Go to twitter and enter the word “scholarship” into the search box. Scan the results for relevant scholarship opportunities AND relevant sources. Many financial aid offices and scholarship foundations use twitter to reach students, these folks are in the know and trying to help, follow them! You’ll find ScholarshipPoints (@winscholarships) on twitter too! They tweet new scholarship opportunities nearly every day.

Secret #5: Play “Let’s Make a Deal” with the parents
Ask your parents or whoever else who might be helping you pay for college if they’d be willing to make a deal with you. Scholarships can be a lot of work, but absolutely worth the pay off.  One member got her parents to agree to fork over 10% of the total amount of scholarship money she earned. At the end of the scholarship application process, she had earned $2,000 in scholarship money and had $200 of cash in her pocket at the same time!

Now that you have these five valuable tips and tricks at your fingertips, get going! It’s the perfect time to start searching and applying for scholarships!  There are so many scholarships available for students of all ages! 

In addition, if you are applying for scholarships and they are asking for some sort of "fee" or application cost, DO NOT APPLY!
If you need money, why would you pay money to get money?

Scholarship Tips Straight from the UCs!

The winter break is a great time for students to search and apply for "outside scholarships".


There are many FREE resources available to students.  As students search for outside scholarships, be advised that students should never pay for scholarship information.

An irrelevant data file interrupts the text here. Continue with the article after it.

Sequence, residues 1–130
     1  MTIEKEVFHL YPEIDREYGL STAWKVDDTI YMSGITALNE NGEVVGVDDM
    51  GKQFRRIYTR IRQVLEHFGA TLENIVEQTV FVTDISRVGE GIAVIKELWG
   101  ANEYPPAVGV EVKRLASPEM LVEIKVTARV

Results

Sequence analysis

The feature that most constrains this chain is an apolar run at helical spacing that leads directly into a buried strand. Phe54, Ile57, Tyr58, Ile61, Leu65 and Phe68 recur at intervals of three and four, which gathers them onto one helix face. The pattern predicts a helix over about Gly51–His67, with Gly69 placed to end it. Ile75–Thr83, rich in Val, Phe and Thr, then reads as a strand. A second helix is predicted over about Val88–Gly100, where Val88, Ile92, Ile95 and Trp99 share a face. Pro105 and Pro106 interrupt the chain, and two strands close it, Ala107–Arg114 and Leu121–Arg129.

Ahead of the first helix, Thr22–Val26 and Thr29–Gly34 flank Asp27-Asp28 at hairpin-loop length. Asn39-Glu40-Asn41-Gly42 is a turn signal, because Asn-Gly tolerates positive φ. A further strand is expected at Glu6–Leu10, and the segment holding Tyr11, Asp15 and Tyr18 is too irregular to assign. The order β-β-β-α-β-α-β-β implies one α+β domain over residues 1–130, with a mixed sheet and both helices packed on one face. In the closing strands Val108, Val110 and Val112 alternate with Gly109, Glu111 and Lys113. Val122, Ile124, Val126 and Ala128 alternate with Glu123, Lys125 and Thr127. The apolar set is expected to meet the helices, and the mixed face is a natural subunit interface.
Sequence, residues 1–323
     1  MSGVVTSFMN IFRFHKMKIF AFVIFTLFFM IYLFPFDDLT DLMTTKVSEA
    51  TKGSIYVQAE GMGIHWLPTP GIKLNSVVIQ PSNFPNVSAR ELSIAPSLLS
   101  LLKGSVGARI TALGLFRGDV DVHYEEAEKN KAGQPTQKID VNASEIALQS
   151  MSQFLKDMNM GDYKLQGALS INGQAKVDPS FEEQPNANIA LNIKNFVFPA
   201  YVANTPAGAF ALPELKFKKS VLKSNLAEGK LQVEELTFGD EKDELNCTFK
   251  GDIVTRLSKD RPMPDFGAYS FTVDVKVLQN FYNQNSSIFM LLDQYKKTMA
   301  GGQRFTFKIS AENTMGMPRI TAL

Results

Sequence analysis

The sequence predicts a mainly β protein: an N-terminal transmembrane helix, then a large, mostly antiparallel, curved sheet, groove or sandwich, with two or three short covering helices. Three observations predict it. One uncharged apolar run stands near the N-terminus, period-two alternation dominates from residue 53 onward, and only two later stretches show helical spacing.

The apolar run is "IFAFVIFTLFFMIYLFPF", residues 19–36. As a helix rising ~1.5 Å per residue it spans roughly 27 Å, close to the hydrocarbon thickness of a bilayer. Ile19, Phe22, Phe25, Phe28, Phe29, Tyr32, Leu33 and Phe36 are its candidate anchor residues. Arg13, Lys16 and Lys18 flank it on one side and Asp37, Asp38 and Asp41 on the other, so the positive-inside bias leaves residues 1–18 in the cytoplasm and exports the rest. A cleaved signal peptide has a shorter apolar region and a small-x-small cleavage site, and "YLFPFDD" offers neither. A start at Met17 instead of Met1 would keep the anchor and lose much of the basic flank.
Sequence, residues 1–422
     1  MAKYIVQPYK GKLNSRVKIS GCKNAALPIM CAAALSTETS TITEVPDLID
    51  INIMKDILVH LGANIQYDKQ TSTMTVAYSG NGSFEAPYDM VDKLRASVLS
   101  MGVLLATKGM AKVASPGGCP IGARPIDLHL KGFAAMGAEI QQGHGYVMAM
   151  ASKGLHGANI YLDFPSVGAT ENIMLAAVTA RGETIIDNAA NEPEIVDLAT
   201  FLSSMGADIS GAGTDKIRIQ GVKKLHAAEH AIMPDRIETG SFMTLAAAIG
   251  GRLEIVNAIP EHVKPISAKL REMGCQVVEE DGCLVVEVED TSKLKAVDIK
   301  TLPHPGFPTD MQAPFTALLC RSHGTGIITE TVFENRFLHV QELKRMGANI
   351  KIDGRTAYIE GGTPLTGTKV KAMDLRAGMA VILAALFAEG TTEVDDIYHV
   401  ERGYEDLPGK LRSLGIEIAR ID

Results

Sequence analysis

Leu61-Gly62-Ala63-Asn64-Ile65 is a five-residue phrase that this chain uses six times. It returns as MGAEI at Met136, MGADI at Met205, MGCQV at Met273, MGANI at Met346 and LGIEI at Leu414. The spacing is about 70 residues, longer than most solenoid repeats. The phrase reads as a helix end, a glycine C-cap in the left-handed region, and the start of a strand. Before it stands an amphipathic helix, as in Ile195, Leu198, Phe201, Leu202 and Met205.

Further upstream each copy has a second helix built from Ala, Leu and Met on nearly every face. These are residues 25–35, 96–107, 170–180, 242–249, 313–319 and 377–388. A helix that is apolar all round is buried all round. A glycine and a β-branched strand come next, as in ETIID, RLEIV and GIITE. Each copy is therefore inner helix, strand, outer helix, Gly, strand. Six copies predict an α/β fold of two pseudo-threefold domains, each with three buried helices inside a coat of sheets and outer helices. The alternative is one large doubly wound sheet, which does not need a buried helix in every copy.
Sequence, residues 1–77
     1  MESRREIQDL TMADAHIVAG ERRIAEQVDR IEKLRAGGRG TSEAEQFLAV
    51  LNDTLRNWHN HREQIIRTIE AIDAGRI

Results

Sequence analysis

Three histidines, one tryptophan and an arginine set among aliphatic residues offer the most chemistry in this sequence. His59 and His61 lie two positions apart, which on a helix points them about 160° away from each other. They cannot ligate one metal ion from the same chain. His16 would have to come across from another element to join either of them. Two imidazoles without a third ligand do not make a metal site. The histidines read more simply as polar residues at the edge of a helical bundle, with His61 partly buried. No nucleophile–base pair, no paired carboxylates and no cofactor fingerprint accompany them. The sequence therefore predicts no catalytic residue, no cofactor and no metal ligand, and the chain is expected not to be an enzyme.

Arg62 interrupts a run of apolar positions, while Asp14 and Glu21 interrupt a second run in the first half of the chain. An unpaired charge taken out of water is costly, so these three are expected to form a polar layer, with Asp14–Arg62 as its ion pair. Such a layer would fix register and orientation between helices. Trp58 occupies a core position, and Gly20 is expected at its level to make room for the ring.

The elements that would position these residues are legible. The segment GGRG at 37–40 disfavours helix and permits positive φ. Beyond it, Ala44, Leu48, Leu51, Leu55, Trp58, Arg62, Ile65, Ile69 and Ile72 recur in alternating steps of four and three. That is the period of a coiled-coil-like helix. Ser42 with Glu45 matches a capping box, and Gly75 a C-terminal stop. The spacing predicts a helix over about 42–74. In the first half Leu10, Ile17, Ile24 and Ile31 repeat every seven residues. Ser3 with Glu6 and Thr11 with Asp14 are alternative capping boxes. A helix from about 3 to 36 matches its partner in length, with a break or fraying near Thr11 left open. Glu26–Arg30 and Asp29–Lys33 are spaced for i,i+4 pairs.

Listed below are 9 reputable scholarship sources:


1. Current information at the high school or community college

Including Naviance!


2. The financial aid office at each UC Campus

(or any college to which you are applying)


3. The U.S. Department of Labor's FREE scholarship search tool


4. The public or school library's reference section


5. Foundations, religious or community organizations, local businesses, or civic groups


6. Organizations (including professional associations) related to the student's field of interest


7. Ethnicity-based organizations


8. The student's or their parents' employer


9. Scholarship web search engines


Scholarships vary in size, applications, requirements, and deadlines.  Students should apply broadly and continue the process of searching throughout their academic career!


National Scholarship Search Databases:

In addition to the websites listed below, please make use of the searchable scholarship database through Naviance as well.  It has a variety of scholarships/contests for all grade levels, as well as the local scholarships that may not be found in the national database search engines.  One of the categories that you can search by in Naviance is "Previously won by an SSHS student", which will show you the list of scholarships our students have won over the past 15 years.

Sallie Mae

Taxability of scholarships: What you need to know